What should begin to be clear from this discussion so far is that there could be no evil in a world in which God's will was the only one that determined things. If God determines everything that is and occurs, then evil could not possibly exist. For evil to exist within a deterministic framework, God himself would have to be evil. Since God is clearly not evil, and yet there is evil in this world, this world cannot be a deterministic one.

And there is more to delve into...


Wednesday, April 24, 2013

The Parable of Creation

And the disciples came and said to Him, “Why do You speak to them in parables?” Jesus answered them, “To you it has been granted to know the mysteries of the kingdom of heaven, but to them it has not been granted. For whoever has, to him more shall be given, and he will have an abundance; but whoever does not have, even what he has shall be taken away from him. Therefore I speak to them in parables; because while seeing they do not see, and while hearing they do not hear, nor do they understand. In their case the prophecy of Isaiah is being fulfilled, which says,
‘You will keep on hearing, but will not understand;
You will keep on seeing, but will not perceive;
For the heart of this people has become dull,
With their ears they scarcely hear,
And they have closed their eyes,
Otherwise they would see with their eyes,
Hear with their ears,
And understand with their heart and return,
And I would heal them.’
But blessed are your eyes, because they see; and your ears, because they hear.
Matthew 13:10-16 NASB

par·a·ble [par-uh-buhl]: a short fictitious story designed to illustrate or teach some truth, religious principle, or moral lesson.

Origin: 1275–1325; Middle English parabil  < Late Latin parabola  comparison, parable, word < Greek parabolḗ  comparison, equivalent to para- side by side + bolḗ  a throwing

Synonyms: allegory, homily, apologue.
Dictionary.com Unabridged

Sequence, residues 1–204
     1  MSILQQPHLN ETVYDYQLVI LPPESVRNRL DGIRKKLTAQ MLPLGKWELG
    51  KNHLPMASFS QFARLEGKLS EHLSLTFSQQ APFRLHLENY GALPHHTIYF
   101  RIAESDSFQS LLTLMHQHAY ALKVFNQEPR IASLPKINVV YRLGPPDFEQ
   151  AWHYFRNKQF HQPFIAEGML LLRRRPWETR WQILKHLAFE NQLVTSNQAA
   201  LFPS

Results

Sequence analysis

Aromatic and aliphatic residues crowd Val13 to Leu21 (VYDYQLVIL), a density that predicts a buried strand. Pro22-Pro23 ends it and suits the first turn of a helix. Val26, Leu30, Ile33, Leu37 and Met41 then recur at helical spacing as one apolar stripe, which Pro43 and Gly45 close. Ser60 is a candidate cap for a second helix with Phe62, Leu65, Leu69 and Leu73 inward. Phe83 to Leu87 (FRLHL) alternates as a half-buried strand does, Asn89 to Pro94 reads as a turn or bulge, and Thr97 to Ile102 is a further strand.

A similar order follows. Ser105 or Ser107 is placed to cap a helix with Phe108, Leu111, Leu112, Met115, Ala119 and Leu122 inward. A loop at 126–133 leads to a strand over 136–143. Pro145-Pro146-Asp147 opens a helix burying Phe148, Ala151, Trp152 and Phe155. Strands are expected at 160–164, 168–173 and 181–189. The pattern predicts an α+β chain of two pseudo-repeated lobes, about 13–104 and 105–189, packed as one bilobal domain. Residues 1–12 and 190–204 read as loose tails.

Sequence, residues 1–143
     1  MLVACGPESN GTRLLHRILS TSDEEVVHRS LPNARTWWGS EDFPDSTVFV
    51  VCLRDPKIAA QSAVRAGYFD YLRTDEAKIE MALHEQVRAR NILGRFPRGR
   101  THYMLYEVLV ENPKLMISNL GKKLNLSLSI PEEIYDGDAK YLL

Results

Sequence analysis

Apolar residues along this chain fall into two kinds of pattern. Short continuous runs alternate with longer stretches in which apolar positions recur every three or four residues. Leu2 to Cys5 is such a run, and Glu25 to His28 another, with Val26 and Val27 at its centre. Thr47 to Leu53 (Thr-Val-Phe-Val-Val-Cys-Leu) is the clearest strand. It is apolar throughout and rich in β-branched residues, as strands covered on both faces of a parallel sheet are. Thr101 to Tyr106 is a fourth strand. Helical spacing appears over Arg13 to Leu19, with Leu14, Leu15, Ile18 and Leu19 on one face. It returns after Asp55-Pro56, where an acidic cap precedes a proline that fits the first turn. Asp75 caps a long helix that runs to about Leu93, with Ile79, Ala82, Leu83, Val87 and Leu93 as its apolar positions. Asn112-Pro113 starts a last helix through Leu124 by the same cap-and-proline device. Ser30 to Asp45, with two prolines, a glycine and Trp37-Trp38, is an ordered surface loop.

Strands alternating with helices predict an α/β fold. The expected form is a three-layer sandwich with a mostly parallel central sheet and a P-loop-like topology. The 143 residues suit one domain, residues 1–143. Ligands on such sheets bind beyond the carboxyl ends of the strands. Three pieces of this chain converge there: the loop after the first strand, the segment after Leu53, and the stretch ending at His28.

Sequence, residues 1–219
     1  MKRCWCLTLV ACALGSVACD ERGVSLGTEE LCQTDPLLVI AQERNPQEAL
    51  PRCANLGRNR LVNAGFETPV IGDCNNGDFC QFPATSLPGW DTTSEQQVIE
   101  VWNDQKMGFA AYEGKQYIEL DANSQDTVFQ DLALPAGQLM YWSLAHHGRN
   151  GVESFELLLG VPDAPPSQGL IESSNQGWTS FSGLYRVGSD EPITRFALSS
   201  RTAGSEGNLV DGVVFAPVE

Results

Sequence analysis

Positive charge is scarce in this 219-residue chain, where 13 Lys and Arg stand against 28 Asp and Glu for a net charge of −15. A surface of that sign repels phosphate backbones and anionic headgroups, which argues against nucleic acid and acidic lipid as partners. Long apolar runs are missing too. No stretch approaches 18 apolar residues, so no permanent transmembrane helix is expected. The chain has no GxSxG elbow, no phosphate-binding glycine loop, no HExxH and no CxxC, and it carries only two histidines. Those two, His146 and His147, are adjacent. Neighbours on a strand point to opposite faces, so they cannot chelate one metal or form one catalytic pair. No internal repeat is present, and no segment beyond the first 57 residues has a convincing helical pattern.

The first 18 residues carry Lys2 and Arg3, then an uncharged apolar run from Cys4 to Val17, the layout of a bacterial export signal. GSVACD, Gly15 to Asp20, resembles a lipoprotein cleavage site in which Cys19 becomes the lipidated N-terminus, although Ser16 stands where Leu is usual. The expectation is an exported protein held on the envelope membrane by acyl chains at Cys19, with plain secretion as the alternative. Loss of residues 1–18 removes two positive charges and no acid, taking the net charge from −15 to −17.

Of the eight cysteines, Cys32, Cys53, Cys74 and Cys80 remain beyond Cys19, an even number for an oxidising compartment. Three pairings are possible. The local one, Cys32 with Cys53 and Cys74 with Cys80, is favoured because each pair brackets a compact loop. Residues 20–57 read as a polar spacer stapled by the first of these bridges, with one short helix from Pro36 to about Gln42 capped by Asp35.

Based on the Random House Dictionary, © Random House, Inc. 2013.

When Jesus explained to his disciples the reason he taught in parables, he was not giving them instructions to follow in order to achieve effective pedagogy. Just the opposite, in fact: parables, as used by Jesus, were meant to be equivocal in order to give an out to those not willing to learn. Some would consider that deceptive, I consider that brilliant, and far more to the point--effective to the purpose Jesus was aiming to achieve.

Two classes of audience would hear the parable and both would perceive it differently. The same words, the same syntax, the same context, and yet those in one part of the audience were meant to understand one thing, and those in the other part something else. This was not due to flaws in communication, nor glitches in reception, it was by design and it worked perfectly.

Jesus' use of parables was meant to filter out those with faith. Those listeners with the faith perspective Jesus desired, would hear the parable, and with some added elucidation, understand the divine truth contained therein. Those without the faith perspective Jesus desired would hear the parable and not see divine truth at all. Advertisers today attempt to do something similar in public media by using their craft to target a more specific audience within a broader one.

I see the creation as a parable spoken by God. One not communicated in words capable of being reduced to ink on a page, but one assembled in subatomic particles and fields and perceived as reality. Like the parables of Jesus, it is not produced so as to garner the same perception in one group that sees it as it does in another. Either group looks at the same phenomena, the same facts, sees the same interactions, and uses the same mathematical language to describe it, but they see a different underlying message.